Jhaveri believes private banks need to understand the true meaning of KYC (Know-Your-Customer). “KYC is not about merely identifying the person through one of the five forms of identity cards, or verifying the address through utility bills. That is client identification. KYC is knowing everything (or certainly as much as) there is to know about the client, their life story, wealth story, passions, interest, hobbies and philanthropic leanings,” adds Jhaveri.


Wealth-X has recently launched Wealth-X Diligence (WXD) to combine wealth intelligence and Know Your Customer (KYC) solutions for financial institutions and not-for-profit organisations to meet their regulatory requirements, plus mitigate reputational and commercial risk. WXD provides organisations with dossiers on UHNW individuals, detailing their source of wealth, significant litigation or sanctions, political inclinations and connections, wealth breakdown and analysis, business activities and asset holdings.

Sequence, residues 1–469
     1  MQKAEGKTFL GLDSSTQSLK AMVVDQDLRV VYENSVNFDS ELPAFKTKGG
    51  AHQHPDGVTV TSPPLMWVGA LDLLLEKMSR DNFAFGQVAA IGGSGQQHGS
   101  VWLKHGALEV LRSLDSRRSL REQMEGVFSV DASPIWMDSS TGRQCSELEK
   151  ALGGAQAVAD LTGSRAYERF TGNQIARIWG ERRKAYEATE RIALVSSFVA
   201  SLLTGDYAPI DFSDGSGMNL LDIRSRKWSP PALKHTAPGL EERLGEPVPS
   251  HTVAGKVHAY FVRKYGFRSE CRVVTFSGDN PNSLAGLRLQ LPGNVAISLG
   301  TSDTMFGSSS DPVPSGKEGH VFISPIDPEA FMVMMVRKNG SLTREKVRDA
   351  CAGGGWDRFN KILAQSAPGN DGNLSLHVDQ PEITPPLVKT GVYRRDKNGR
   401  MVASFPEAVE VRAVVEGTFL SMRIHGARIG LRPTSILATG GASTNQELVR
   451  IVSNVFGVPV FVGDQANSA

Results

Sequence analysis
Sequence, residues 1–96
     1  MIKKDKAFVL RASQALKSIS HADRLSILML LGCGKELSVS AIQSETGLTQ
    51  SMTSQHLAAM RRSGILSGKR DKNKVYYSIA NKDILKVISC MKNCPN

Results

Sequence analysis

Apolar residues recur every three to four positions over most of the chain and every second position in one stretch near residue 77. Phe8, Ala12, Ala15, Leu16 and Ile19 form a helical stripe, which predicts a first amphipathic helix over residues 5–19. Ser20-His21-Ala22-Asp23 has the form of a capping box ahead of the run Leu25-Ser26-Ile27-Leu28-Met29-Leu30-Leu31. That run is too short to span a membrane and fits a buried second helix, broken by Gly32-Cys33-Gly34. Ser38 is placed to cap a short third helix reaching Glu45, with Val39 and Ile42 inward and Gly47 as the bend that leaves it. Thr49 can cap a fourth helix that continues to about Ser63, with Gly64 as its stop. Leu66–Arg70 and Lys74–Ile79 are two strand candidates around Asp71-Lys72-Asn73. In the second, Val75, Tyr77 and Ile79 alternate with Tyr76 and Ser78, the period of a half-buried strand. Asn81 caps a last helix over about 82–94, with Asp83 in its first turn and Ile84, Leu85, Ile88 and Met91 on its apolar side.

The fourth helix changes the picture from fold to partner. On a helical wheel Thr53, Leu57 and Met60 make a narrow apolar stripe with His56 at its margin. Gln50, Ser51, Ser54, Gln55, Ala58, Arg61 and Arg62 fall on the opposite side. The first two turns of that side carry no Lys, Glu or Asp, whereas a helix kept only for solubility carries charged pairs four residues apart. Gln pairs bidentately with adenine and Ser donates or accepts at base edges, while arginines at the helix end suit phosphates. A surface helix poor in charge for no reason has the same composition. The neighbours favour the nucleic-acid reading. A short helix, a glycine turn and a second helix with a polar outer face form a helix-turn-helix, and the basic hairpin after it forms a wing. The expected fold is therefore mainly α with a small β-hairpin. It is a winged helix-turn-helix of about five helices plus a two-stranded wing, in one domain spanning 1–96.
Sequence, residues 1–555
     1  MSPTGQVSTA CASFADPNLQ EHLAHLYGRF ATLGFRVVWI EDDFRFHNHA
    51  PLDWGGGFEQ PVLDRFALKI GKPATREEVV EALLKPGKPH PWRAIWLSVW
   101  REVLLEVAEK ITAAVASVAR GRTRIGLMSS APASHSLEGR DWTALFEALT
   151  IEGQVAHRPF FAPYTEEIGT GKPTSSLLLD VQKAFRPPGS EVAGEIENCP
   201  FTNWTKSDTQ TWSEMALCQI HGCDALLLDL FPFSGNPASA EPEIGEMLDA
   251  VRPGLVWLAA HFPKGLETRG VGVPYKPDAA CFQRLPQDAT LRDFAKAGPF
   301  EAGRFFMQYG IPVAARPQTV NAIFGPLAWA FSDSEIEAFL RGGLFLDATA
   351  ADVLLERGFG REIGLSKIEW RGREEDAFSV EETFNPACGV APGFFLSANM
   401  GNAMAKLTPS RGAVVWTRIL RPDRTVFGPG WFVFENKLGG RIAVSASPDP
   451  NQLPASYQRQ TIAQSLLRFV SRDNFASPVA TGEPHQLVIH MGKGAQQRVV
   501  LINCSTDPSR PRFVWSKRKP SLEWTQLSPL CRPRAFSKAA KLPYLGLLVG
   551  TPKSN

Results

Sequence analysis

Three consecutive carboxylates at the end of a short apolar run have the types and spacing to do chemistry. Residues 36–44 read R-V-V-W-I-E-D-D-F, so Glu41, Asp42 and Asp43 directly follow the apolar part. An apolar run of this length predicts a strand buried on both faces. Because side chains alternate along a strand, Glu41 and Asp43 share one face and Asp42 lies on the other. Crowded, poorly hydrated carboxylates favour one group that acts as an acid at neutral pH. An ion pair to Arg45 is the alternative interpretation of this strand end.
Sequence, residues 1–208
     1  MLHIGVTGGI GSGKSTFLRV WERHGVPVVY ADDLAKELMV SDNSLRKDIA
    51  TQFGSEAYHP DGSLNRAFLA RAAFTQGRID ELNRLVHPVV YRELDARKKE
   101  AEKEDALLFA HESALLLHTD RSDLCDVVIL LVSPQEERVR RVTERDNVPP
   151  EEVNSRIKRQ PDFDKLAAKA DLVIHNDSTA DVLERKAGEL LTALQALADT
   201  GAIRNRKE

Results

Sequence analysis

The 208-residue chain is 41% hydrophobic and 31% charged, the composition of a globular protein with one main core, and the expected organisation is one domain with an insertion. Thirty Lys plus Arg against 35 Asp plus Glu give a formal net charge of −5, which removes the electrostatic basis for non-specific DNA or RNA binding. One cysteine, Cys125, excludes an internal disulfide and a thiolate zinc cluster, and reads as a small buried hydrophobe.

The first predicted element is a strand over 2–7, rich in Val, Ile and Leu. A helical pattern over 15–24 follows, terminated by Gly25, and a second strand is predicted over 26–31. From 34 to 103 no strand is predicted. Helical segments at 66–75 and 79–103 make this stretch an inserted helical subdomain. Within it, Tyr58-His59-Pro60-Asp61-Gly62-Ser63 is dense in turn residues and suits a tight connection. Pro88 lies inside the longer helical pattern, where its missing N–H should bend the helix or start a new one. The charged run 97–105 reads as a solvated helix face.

It is currently being offered to Wealth-X clients in 160 countries.
As a solution designed for KYC compliance, the enhanced WXD dossier incorporates the elements of anti-money laundering (AML) and anti-bribery and corruption (ABC) checks to ensure that clients discharge their regulatory responsibilities and understand any risks that may present themselves when dealing with a given UHNW individual and / or their known associates.


Wooing the next generation


Research by Wealth-X shows that there will be US$16 trillion in assets moving from one generation to the next over the next 30 years. This presents tremendous challenges & opportunities for private bankers/wealth managers that have to adapt to the preferences of those inheriting these vast quantum of wealth.